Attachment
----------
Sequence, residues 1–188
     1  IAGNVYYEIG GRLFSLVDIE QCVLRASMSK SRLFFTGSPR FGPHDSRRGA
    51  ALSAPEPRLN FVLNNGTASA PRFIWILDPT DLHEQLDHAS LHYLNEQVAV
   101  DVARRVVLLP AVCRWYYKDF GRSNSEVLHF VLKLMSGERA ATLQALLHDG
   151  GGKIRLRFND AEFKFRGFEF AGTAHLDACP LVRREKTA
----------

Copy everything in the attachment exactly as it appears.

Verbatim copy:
Sequence, residues 1–188
     1  IAGNVYYEIG GRLFSLVDIE QCVLRASMSK SRLFFTGSPR FGPHDSRRGA
    51  ALSAPEPRLN FVLNNGTASA PRFIWILDPT DLHEQLDHAS LHYLNEQVAV
   101  DVARRVVLLP AVCRWYYKDF GRSNSEVLHF VLKLMSGERA ATLQALLHDG
   151  GGKIRLRFND AEFKFRGFEF AGTAHLDACP LVRREKTA